Council and Parliament reach a provisional political agreement on access to EU waters, extending the current rules for fishermen for another ten years
The Czech Presidency of the Council of the European Union and the European Parliament have reached a provisional political agreement on the regime for access of fishing vessels to the territorial waters of the Member States.
The provisional agreement extends the rules for access to EU waters – which were set to expire at the end of the year – for another ten years. If passed, it will enter into force on January 1, 2023.
The agreement ensures that the current restrictions will not expire at the end of the year and lead to unrestricted access to member states’ waters.
It was a very urgent agreement. We have succeeded in avoiding chaos in the territorial waters of the Member States and at the same time guaranteeing continuity, security and stability for all fishing fleets and all fishermen. The balance developed in the Union under the current regime will not be broken, which is certainly excellent news.
Jaroslav Zajíček, Czech Deputy Permanent Representative
As the interim agreement points out, these access restrictions are an integral part of the Common Fisheries Policy (CFP). The duration and scope of this extension may be revised in the context of a possible future revision of the CFP, after a prior evaluation of the operation of the policy. The Commission will assess the general rules for access to waters before the expiry of the current derogations, by 30 June 2031.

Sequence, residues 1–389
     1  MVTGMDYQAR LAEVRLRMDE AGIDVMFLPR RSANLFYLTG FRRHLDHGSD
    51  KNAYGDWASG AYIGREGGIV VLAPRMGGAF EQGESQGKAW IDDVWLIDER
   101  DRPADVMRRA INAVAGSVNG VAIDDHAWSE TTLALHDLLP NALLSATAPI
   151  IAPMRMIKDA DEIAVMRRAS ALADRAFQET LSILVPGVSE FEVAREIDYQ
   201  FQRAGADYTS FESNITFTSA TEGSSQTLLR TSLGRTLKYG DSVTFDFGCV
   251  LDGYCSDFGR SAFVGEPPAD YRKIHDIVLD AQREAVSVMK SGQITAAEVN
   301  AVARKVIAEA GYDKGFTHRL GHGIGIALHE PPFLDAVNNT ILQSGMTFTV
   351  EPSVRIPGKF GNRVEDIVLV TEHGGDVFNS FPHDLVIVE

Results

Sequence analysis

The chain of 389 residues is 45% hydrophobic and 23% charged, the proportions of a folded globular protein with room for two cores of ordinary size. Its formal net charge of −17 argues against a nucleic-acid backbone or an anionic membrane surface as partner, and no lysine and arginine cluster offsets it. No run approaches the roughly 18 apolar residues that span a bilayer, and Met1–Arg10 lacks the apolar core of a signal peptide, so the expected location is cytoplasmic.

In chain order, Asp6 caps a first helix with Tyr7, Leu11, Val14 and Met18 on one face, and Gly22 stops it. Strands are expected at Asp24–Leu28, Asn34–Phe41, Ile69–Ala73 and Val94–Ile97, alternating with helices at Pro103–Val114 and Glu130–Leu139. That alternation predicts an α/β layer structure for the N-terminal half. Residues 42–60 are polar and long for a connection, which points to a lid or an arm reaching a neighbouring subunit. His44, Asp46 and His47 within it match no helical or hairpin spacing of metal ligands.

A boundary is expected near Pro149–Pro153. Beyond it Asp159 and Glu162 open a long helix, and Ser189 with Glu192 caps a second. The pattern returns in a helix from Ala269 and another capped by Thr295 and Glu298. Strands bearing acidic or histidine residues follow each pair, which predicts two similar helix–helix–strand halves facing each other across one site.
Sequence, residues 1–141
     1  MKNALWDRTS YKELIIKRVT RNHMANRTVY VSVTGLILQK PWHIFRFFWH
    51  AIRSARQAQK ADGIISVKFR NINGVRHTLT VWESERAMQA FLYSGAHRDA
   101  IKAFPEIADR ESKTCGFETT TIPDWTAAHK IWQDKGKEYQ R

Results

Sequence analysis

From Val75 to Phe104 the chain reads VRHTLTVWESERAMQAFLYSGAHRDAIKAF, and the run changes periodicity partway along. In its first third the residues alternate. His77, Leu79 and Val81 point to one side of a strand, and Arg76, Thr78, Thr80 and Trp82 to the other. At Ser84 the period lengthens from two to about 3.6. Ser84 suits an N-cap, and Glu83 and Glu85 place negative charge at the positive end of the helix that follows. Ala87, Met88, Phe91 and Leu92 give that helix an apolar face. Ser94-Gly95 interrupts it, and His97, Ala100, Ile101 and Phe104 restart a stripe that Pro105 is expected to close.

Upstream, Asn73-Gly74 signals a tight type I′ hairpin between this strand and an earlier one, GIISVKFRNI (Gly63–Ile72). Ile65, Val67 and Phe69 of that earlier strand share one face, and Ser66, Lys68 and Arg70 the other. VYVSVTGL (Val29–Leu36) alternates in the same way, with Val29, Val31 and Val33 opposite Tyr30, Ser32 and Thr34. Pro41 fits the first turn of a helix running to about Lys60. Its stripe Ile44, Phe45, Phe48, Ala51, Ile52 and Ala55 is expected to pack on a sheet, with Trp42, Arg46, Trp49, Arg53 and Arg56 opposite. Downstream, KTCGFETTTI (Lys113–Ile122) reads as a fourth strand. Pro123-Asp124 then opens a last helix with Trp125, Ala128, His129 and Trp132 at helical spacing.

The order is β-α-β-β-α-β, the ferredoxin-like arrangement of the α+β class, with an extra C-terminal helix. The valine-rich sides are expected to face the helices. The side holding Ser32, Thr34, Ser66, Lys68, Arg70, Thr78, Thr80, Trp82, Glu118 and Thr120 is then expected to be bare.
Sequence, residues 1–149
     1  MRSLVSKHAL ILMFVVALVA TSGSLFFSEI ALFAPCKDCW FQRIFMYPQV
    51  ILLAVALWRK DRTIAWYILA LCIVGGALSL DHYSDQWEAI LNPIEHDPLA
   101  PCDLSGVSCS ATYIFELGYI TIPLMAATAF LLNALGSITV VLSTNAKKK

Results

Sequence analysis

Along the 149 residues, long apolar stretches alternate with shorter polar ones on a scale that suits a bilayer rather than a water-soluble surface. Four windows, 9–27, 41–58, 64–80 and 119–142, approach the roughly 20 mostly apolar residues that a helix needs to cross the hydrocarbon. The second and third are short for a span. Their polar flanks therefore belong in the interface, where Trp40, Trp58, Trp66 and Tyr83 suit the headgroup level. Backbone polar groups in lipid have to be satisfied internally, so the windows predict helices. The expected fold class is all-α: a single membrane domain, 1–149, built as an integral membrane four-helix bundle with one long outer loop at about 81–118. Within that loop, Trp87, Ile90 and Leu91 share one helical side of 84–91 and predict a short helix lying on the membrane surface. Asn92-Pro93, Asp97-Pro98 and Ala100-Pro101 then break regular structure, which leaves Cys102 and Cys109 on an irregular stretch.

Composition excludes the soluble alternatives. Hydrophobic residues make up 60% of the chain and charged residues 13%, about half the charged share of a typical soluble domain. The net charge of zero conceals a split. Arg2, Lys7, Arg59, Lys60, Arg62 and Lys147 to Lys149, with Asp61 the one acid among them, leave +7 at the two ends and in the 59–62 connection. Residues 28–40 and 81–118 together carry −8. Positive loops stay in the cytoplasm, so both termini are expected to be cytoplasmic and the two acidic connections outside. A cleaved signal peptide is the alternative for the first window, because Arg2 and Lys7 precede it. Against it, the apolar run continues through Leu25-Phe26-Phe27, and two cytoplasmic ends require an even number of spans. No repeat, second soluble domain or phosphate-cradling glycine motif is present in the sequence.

The provisional agreement also clarifies the access of Italian vessels to the 6 to 12 nautical mile zone of Greek territorial waters in the Ionian Sea and in the Greek EEZ, and maintains the existing conditionalities with regard to the reciprocal access of Croatian and Slovenian fleets to their respective waters.
The EU Common Fisheries Policy (CFP) establishes rules for the management of European fishing fleets and the conservation of fish stocks. Under the CFP, all European fishing fleets have equal access to EU waters and fishing grounds, allowing fishermen to compete fairly. In 1977, Member States negotiated a derogation from this key principle, to allow coastal States to reserve access to the first 6 miles to their national fleets, and to enforce the historic rights of other Member States in the 6- 12 miles. The derogation was integrated into the CFP and maintained since, renewed every ten years within the framework of the successive reforms of the CFP. This derogation was due to expire on December 31, 2022. On July 5, 2021, the European Commission adopted a proposal to extend the restrictions on access to EU waters for ten years, in order to avoid the interruption of the current regime.
The provisional political agreement must be adopted by the Council and the European Parliament.